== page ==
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Rowdy: I'm pretty sure that the drop-keel designers initially eyeballed the raising of the seat, to locate the pilot's belly button on the centerline of the prop (or similar rule-of-thumb).

Carl Schneider went one step farther and made his front keel (with seat attached) movable up and down the mast. He then test-flew various seat heights 'til he arrived at the handling qualities he liked. Both Carl and Ernie Boyette ended up with low-thrustline (LTL) configurations. In these config's, adding power raises the nose automatically -- in some cases so much that the gyro slows down with added power unless you add forward stick pressure. Whether this is a good thing, or merely not too bad a thing, is open to debate.

But you don't need to resort to eyeballing, or guessing, or a lot of trial-and-error. The procedure for laying out the major masses so that the CG lands on the prop thrustline is the same one as used to solve weight-and-balance problems in FW planes. This procedure is set out in any FW flight-training manual.

The only difference between the fixed-wingers and us is that we do the analysis along the aircraft's vertical axis, while the FWers do it along the horizontal axis. The more complete your accounting of the various masses (rotor with head, fuel, pilot, engine, landing gear, pod, etc.), and their individual CG locations, the better your paper planning will work out in real life.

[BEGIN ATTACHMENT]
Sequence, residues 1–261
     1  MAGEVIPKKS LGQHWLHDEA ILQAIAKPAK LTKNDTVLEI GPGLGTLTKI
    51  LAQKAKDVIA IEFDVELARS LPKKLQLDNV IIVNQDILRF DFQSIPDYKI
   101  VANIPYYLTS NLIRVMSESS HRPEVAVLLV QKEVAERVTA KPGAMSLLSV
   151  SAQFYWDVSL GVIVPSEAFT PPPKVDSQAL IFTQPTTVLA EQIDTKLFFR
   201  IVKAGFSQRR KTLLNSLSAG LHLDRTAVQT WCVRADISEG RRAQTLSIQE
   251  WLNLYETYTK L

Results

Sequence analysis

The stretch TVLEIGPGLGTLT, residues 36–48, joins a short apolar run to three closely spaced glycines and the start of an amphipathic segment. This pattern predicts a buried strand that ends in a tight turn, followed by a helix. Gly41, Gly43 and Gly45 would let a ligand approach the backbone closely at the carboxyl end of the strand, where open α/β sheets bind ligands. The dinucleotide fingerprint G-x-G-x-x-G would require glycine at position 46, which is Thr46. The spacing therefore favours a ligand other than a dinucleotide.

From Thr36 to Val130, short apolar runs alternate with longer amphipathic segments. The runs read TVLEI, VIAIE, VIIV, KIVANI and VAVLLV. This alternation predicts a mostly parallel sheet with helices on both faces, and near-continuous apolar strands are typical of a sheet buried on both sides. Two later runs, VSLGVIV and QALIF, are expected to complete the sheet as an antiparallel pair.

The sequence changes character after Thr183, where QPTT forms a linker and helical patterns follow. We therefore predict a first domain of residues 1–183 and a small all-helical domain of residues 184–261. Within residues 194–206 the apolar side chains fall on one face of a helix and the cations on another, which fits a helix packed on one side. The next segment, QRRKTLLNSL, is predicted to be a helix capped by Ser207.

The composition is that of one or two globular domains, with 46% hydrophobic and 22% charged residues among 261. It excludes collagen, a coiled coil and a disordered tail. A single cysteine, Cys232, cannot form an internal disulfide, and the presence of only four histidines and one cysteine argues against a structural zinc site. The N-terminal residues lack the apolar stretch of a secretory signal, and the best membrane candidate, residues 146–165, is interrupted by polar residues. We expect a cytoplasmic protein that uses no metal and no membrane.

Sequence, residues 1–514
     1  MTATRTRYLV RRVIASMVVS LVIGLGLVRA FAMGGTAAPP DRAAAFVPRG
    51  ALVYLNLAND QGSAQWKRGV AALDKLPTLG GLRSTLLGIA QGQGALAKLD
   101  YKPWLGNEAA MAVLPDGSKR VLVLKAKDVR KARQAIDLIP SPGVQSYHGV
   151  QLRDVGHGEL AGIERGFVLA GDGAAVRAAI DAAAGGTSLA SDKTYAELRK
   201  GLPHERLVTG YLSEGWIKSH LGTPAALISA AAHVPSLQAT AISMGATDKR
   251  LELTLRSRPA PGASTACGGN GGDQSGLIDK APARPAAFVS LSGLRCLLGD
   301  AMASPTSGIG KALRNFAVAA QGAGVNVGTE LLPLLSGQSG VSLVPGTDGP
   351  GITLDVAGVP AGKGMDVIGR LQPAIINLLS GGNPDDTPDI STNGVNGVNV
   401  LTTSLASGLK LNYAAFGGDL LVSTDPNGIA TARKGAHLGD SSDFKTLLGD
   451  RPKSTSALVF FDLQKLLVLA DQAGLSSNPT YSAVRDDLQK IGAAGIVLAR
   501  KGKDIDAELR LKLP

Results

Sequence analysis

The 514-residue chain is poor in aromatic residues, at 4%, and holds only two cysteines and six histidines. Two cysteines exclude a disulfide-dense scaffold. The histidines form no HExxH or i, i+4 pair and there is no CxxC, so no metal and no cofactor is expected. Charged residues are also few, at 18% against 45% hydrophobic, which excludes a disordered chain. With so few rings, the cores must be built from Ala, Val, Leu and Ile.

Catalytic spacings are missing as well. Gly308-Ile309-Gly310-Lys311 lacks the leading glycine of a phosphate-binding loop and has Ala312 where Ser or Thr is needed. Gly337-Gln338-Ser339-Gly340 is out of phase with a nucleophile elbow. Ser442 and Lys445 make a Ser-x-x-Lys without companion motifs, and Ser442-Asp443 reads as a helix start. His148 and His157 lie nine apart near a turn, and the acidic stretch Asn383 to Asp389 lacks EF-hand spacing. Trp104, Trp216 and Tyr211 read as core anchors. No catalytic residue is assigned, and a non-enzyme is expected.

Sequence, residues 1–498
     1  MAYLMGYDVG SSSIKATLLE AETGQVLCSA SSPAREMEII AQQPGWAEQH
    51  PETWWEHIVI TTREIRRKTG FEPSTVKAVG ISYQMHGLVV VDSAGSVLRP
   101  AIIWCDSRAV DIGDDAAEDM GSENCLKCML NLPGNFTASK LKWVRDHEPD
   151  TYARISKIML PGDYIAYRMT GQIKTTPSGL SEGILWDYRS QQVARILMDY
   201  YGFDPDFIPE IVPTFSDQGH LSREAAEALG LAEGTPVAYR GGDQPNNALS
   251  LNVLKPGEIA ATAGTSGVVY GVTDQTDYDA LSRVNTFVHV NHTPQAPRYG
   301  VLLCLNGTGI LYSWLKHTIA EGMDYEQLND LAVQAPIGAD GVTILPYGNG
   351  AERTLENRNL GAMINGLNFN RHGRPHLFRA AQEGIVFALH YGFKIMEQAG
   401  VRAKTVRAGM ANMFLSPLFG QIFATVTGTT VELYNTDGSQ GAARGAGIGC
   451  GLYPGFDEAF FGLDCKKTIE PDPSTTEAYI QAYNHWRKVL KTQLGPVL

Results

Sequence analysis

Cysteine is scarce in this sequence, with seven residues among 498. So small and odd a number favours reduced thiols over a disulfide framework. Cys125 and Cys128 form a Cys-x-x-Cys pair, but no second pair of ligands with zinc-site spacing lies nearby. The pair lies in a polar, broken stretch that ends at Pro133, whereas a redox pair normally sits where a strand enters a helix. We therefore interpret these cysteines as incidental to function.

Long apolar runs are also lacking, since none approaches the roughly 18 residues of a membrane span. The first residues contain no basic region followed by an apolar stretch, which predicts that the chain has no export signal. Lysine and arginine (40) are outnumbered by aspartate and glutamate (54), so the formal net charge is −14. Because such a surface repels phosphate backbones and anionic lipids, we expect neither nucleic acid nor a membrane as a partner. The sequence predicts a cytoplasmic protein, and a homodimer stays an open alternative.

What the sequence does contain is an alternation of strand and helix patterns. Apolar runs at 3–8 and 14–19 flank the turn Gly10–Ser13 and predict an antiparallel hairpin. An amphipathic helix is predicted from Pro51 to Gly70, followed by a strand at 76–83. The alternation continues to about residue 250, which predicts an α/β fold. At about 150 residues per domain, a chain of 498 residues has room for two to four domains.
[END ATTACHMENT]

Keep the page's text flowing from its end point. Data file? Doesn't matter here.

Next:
Hint: a seated human in most cases does, in fact, have a CG located around bellybutton level. I risked looking silly by testing this notion while sitting in a plastic bucket seat on the floor and rocking back and forth.

BTW, it's inaccurate to blame the scores of PIO accidents in Bensen-style gyros on the higher thrustlines dictated by redrive engines. The Bensen bloodbath long predated the arrival of the redrive Rotax and similar setups. The peak of Bensen fatalities was, IIR, in 1967. Bensen's refusal to use an effective H-stab, slight HTL even with a 4-foot prop, and low-damping (light + high RRPM) rotor had much to do with this tragic record.